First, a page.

So, attrition among junior lawyers is not necessarily a bad thing.
Fixing the problem
Nonetheless, there is obviously a morale problem among junior lawyers. So how might we go about fixing it?
First, the culture needs to change. Senior lawyers often think that hard work and long hours are the same thing. This is wrong – you can work hard without working long hours. It is about maximising productivity, not maximising man-hours.
Bosses need to encourage their employees to be efficient. This means leveraging technology and streamlining processes.
Bosses should bear in mind that punishing working conditions are not a rite of passage; they are actually counterproductive. The more overworked and sleep-deprived, the more likely lawyers are to make mistakes, which can be extremely dangerous to clients.
Second, bosses must also model behaviour. Because Singapore has a workaholic culture, it is not enough to tell your employees that they should go home on time or take care of themselves. If they see the boss is not walking the talk, they will assume that they will be subtly punished if they take these statements at face value.
Netflix CEO Reid Hastings has said that he makes it a point to take lots of leave every year, as Netflix employees would otherwise hesitate to take advantage of the company’s unlimited leave policy.
If senior lawyers continue to model a workaholic lifestyle, the juniors will naturally follow. Senior lawyers should, for the sake of their firms, learn also to relax a bit, even if this is not in their natures.
Third, cut unnecessary work. There is some work that is in fact urgent and necessary: there are court deadlines, negotiation deadlines, and clients to appease. But there is also a lot of work that is unnecessary – administration, procedure, and sometimes excessive research.
You can put in an infinite amount of effort for an infinitesimal gain. The reality in law is that you will never know if you have covered everything — something can always come up, or there might be a new case that just came out yesterday or a case somewhere in the wider world — and you have to make an executive decision to say enough is enough. It is a resource allocation issue.
The unfortunate reality in Singapore is that the reward for being efficient is yet more work — this needs to change as it is a recipe for burnout. If we are to build a sustainable work culture, the time saved by cutting unnecessary work and becoming more efficient should be devoted to giving employees more free time, not making them take on yet more work.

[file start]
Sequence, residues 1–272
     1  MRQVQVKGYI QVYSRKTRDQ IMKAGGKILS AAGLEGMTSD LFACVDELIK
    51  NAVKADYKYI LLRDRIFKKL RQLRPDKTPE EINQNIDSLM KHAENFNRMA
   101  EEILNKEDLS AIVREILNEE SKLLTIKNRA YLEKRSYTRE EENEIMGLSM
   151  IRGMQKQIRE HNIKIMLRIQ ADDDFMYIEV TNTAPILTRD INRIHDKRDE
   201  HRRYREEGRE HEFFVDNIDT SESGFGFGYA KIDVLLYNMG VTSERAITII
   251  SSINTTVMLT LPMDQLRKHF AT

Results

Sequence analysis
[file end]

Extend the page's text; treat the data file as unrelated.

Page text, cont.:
Work-life sustainability needs to be on our agenda
The woes of the legal profession might be viewed with a certain amount of schadenfreude (a German word meaning joy at the misfortune of others). These are “first world problems”, some might say, since lawyers are well-compensated for their time and trouble.
But the lessons from the legal profession are applicable to many other white-collar professions across Singapore. Junior doctors, for example, are reportedly also subject to gruelling working conditions. This is dangerous not just to the medical profession but to patients as well.
This is not just a story about law; it is a story about Singapore.
Singaporeans have always been told to study and then work hard. We have sacrificed much on the altar of productivity. It has paid immense dividends in economic terms.
But we are now seeing the true costs in terms of mental and social health. Our children, for example, are more stressed than ever and mental illness is on the rise.
Environmental sustainability is a priority now for all businesses. We recognise that it is an existential issue for our planet and our species.
Work-life sustainability should likewise be on the agenda — unsustainable work culture is damaging to individuals and society, and its effects are likely to be felt even sooner.
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Top photo by Andrew Koay.